Kentwood — Inside a Glenwood Elementary School classroom, several Afghan women pointed to pictures on the white board and identified them: “Sandwich.” “Sun.” ‘Window.” “Man.”
They were catching on quickly during a beginner English as a Second Language session offered by Literacy Center of West Michigan. They also spent time passing around a beach ball, each saying their names while holding the ball, then asking, “What is your name?” before bouncing it along to someone else.
The women, who did not want to be identified or photographed, are among 20 adults attending two-hour, twice-weekly classes planned for the entire school year to help non-native English speakers learn to speak and read English.
The center plans to add a morning class to accommodate a waiting list of 12 adults, said Laura Avalos, coordinator for the Literacy Center. Many participants have children in the district.
It is the first year the Literacy Center has offered the course in Kentwood. It is also offered at several sites in Grand Rapids Public Schools, Godfrey-Lee and Godwin Heights. Virtual classes are also available.
“We help them with their English to help them get better at helping their kids while they are in school with their teacher conferences and homework. It’s getting them involved with the schools as much as we can,” Avalos said.
Many parents – some who have never attended school themselves – make huge progress over the course of the classes, Avalos said. They receive a 40-hour certificate at the end.
Helping Themselves & their Families
Kentwood, the most diverse district in Michigan, is home to students from dozens of countries speaking 80 different languages. Learning English equips parents with the ability to communicate with teachers, staff members, help children with homework and understand what’s going on in their classrooms.
Sanela Sprecic, EL Program director for the district, said she thinks about the courage and resilience of immigrants and refugees coming to the U.S. Working to learn English is another way for them to help themselves and their families. School is a safe place for them to do that.
“They trust us with their children, but they also look up to us as sources to help them help their kids,” she said.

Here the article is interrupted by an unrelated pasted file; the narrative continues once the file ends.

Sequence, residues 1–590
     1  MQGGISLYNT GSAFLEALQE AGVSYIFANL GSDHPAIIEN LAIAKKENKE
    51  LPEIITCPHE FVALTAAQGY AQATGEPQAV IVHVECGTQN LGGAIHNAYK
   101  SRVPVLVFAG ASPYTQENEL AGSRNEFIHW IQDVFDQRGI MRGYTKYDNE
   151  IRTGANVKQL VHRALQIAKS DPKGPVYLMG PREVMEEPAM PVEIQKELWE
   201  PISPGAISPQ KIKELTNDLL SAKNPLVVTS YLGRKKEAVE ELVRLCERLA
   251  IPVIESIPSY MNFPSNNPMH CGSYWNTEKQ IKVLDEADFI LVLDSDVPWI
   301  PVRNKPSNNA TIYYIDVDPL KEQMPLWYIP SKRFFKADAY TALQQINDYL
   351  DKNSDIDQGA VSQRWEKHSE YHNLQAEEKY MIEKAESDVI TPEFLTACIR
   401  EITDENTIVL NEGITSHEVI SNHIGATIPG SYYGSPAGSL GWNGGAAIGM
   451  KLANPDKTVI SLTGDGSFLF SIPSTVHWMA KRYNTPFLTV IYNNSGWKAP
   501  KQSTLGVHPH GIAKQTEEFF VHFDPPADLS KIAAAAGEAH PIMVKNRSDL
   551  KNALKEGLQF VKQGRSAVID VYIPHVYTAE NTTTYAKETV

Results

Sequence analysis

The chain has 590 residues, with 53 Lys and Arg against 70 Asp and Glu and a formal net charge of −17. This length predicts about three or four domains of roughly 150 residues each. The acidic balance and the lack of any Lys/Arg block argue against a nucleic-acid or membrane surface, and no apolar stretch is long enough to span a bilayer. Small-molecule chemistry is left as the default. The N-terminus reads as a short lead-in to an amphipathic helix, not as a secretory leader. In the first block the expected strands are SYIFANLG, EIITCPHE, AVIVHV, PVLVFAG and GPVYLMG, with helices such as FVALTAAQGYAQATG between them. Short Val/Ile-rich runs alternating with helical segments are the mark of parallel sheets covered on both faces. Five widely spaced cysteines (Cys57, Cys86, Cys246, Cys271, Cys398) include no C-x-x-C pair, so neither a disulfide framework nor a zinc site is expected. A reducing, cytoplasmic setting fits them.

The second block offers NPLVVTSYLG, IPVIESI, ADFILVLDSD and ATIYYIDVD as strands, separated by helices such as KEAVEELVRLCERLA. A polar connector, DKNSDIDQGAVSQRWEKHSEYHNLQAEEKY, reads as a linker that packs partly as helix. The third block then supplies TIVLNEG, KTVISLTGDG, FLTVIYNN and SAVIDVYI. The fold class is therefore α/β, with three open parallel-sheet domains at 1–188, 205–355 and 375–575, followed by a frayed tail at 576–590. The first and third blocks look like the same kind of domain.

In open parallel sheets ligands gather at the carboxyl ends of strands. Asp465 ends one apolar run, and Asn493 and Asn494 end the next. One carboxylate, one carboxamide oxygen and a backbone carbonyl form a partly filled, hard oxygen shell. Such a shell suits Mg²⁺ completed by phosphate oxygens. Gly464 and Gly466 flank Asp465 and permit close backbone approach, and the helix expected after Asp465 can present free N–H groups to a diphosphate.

Learning English also opens doors for them, Sprecic said. “Language is access. We are helping them to get better access to education for their students.”
Also, she said, immigrant parents who learn English have more tools to connect with their children long-term. Students typically learn English quickly, but don’t keep up with their native language at the same pace. This can eventually create a communication gap between parents and students.
Participant Sharhonitzitziki Gonzalez said she wants to improve her English so she can be more aware of what her two children are doing in school.
“I want to speak and write and have very good communication,” said Gonzalez, whose first language is Spanish. Her children attend Kelloggsville Middle School and High School.
Seated next to her, Miguel Villegas also is working to become fluent in English after 35 years in the U.S.
Originally from Mexico, he wants to talk more to people at church and at work, and to his niece, who attends Wyoming High School. “I want to speak and write better English,” he said. “I am trying.”
Other parents came from Rwanda, Vietnam, Mexico and Sudan.
Along with English classes, the Literacy Center offers career-focused certified nursing assistant, construction and pharmacy technician programs. They also offer citizenship classes.
‘Language is access. We are helping them to get better access to education for their students.’– Sanela Sprecic, Kentwood Public Schools EL Program director
Wendy Falb, executive director of the center, said the program is unique in providing a certified instructor and childcare. The curriculum is designed to focus on parent and school needs and requests. The staff hosts two Family Activity Nights per semester in conjunction with the ESL classes. Falb and staff take pride in the number of parents they reach, many who have had no formal schooling.
“While we have been delivering these classes for almost 15 years it is in the last two years that we have been using professional level instructors and the quality and consistency of the programming has skyrocketed. At this point we are one of the most robust Family Literacy Programs in the country and certainly the state,” Falb said.